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University records in digital formats are subject to the same retention and disposition instructions as records in other formats. The important factor in records management is information, not format. Digital records should be evaluated using the UNC General Records Retention and Disposition Schedule.
The following information is general guidance to help you understand more about digital records management. Please contact us to discuss your specific situation in more detail.
Xtender Electronic Records and Imaging Regulation and Procedures: East Carolina University serves as basic documentation of the procedures followed by the university in imaging, indexing, auditing, backing up, and purging electronic records in accordance with the UNC General Records Retention and Disposition Schedule, and in handling the original paper records, if applicable. All public records as defined by North Carolina G.S. Section 132-1 are covered by this regulation and accompanying procedures. This includes permanent and non-permanent records, including both confidential and non-confidential records.
Xtender Electronic Records and Imaging Regulation and Procedures: East Carolina University also serves to protect those records digitized by ECU's in-house Xtender imaging system, which is the university's solution to create and manage electronic records. This system reduces required storage space for original documents as the University transitions to a "more paperless" digital system and provides instant and simultaneous access to documents as needed.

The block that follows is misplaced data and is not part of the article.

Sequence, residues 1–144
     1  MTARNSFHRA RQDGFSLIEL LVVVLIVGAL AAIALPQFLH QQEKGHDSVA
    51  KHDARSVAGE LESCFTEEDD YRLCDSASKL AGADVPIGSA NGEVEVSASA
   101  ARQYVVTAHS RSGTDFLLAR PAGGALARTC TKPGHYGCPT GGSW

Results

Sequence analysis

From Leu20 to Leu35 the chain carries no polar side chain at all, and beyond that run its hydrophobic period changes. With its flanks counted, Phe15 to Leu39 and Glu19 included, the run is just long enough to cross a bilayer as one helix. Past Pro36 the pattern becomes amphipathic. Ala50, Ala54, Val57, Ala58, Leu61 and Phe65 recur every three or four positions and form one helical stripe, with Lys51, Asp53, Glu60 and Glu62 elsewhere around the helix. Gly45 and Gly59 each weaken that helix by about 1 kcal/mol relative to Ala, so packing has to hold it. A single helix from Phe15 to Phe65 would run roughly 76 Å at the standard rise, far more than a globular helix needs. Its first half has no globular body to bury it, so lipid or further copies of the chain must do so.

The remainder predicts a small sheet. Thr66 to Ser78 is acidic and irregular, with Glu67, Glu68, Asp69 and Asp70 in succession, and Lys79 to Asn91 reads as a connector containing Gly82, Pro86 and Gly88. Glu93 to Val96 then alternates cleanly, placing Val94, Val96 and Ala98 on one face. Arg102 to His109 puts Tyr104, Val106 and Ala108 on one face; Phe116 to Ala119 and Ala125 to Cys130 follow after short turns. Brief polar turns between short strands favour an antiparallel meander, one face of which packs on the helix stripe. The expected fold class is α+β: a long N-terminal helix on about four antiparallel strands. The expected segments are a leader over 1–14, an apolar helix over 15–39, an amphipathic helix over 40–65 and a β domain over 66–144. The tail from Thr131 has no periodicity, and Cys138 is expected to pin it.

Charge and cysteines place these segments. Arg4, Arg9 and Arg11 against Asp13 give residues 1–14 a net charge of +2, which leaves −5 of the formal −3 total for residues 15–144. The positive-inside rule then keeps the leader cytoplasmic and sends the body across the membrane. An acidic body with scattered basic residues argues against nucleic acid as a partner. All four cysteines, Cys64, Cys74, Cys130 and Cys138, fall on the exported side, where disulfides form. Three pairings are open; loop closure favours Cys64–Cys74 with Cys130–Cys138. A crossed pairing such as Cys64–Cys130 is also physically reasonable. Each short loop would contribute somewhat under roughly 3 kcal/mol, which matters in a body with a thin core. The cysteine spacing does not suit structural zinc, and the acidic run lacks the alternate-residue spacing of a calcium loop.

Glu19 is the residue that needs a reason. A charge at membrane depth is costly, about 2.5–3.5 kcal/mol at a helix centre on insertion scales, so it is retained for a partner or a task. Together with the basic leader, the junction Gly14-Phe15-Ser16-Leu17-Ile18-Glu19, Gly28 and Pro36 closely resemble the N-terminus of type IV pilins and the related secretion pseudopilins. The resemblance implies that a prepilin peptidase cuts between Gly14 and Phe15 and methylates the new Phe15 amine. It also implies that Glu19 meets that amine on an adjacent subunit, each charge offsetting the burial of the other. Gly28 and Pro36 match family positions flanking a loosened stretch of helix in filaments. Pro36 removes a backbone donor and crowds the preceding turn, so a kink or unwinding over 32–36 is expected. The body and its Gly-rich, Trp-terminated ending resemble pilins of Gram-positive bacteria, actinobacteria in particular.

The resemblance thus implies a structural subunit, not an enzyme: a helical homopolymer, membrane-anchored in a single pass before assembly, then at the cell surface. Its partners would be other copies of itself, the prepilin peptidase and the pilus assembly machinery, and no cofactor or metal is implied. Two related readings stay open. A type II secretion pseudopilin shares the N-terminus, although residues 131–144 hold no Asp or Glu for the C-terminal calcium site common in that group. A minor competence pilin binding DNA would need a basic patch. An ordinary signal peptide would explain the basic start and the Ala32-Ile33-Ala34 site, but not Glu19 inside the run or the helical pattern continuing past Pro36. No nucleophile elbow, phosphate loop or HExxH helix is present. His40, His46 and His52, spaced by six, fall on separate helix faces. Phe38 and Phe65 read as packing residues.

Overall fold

Original non-permanent paper records with a remaining retention period of seven years or less that have been scanned and indexed in Xtender and undergone an audit of the imaged records for accuracy, readability, and completeness may be destroyed. The Disposal Request Form, must be completed and submitted to Records Management whenever a department wishes to dispose of such records.
"Born-digital" is a term archivists use to distinguish records that were always digital from paper records that we make digital through scanning (also called digitization). When we discuss digital records, we often mean born-digital records. Examples of born digital recordsare things like email, websites, PowerPoint files, Excel files, or even older formats like WordPerfect files.
Unfortunately there is no silver bullet for keeping born-digital records well organized. The simplest advice is to be proactive in creating and consistently using digital folders that are named descriptively and are understandable to other people.
Try to incorporate the UNC General Records Retention and Disposition Schedule series information into your file organization plan. If you organize things based on record type and disposition timeline, you may save yourself time later.
Storing Born-Digital Records
The key to born-digital records storage is making sure the files are backed-up consistently and any sensitive data is appropriately protected. Many digital storage options are available to ECU employees. You should work with ITCS to address storage and back-up needs.
We encourage offices to use modern storage options and address obsolete storage devices. If there are important records currently stored on things like floppy disks or CDs, you should contact ITCS or University Archives to discuss how to deal with these records.
We don't require specific file formats for records that will be transferred to the University Archives for permanent retention. You should use file formats that best suit the work your office does. If you'd like to know more about file formats that are better for long-term digital preservation, please contact us.
During the consultation, we will review the digital records form, learn more about your technology environment, and discuss strategies for managing records across your team and/or transferring records to the University Archives.